“Laughter is the best medicine.” 3 summers ago, I encountered the best opportunity of my life, one that exemplified this idea to the fullest extent. I began to work at a camp called Camp Rainbow. Camp Rainbow might sound sort of funny, but this camp is nothing to laugh about. It’s a one-week camp for children with cancer or blood related illnesses. For some of these kids, it’s the only week out of the year they are allowed out of the hospital. There are registered nurses on staff at all times. There are enough counselors and staff members to have almost two people to a kid at anytime. Like I said, nothing to laugh about. But as soon as I got there, all I could do was laugh. And as a counselor, it was my job to keep my one camper laughing at all times.
My first camper’s name was Zach. Zach, a seven year old blonde haired, blue eyed sports fan with a devilish grin, called me “Lawwen” and wan me wagged. He was in remission from Leukemia, and had just gotten his port- an indwelling central line through which one receives medicine- taken out, which meant that he could now run around without shoes on, and not worry about infection. And run around, he did. So there I was, my first year at camp rainbow and blessed with a healthy, happy camper. Unfortunately, some counselors were not as lucky. After all, this is a camp for sick children, not healthy ones. Zach could run, while other campers could barely walk with a walker or were even confined to a wheel chair.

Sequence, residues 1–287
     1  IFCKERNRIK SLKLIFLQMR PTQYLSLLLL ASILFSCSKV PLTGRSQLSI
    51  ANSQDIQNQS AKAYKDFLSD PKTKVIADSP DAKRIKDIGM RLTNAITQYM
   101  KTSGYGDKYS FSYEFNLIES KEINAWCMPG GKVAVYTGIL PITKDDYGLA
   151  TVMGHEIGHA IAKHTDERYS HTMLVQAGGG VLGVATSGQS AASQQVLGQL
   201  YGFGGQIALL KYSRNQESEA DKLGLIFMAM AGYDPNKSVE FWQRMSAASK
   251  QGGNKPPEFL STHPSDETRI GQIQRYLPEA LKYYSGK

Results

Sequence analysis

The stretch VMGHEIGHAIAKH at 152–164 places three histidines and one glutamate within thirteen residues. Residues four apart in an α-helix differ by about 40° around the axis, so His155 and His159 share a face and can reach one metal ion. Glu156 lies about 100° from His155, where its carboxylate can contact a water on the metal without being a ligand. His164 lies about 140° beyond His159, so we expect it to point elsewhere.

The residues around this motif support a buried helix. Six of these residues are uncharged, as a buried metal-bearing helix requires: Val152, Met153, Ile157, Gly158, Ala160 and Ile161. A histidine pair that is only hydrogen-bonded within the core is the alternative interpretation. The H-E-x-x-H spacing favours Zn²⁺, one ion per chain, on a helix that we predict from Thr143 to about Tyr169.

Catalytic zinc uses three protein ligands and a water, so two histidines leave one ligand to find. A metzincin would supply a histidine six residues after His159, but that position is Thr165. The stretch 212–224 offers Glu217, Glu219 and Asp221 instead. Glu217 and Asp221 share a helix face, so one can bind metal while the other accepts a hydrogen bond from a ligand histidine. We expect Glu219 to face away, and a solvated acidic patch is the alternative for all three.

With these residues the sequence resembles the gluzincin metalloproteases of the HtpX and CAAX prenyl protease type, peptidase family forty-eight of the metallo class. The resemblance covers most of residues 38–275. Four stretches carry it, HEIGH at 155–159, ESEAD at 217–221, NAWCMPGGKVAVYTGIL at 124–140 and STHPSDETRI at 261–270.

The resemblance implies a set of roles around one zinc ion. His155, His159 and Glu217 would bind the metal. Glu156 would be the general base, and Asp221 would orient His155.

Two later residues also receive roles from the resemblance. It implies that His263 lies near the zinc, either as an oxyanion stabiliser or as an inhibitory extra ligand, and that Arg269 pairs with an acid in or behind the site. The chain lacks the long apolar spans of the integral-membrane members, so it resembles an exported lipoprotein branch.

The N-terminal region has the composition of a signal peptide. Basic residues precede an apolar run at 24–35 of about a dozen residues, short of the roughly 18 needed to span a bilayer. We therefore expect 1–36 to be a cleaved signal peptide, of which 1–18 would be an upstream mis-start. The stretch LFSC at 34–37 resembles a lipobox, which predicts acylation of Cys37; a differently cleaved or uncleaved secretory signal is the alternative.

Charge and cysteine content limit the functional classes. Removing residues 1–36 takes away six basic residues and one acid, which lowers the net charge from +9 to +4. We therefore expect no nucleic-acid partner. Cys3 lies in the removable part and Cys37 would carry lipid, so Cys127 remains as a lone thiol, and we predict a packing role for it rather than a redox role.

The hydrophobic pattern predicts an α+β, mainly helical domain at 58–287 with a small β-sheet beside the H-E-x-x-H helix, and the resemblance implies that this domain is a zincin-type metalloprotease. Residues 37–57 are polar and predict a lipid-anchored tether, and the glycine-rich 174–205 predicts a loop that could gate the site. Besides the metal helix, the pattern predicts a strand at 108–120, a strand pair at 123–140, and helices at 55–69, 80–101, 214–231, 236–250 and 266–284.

As counselors, however, our job was to make these campers, no matter how sick, feel like normal everyday kids. The solution was laughter. I tired everything I could to make Zach, a shy little guy, laugh as hard as he could; whether it was my “physical comedy” a.k.a. tripping over myself or my “stupid jokes” a.k.a. jokes about how stupid I am, we were both always laughing.
The best example I can think of to show that laughter is the best medicine, at least for a while is a little girl named Cara. She was suffering from a severe case of leukemia. She walked with canes attached to each wrist and was very frail. A month after camp, each counselor received a letter informing us that Cara had died. We were also informed of a website where her mother wrote a blog chronicling Cara’s struggle with cancer. One especially touching entry, talked about how Cara had returned from camp with high spirits and a higher blood cell count. Her mother also explained that in the weeks following Camp Rainbow, Cara felt better than she had in a long time. I remember after I received the letter, thinking back to camp seeing Cara and her counselor constantly laughing and I couldn’t help but think that the old cliché was really a phrase to live, and die by.
If you enjoyed this essay, please consider making a tax-deductible contribution to This I Believe, Inc.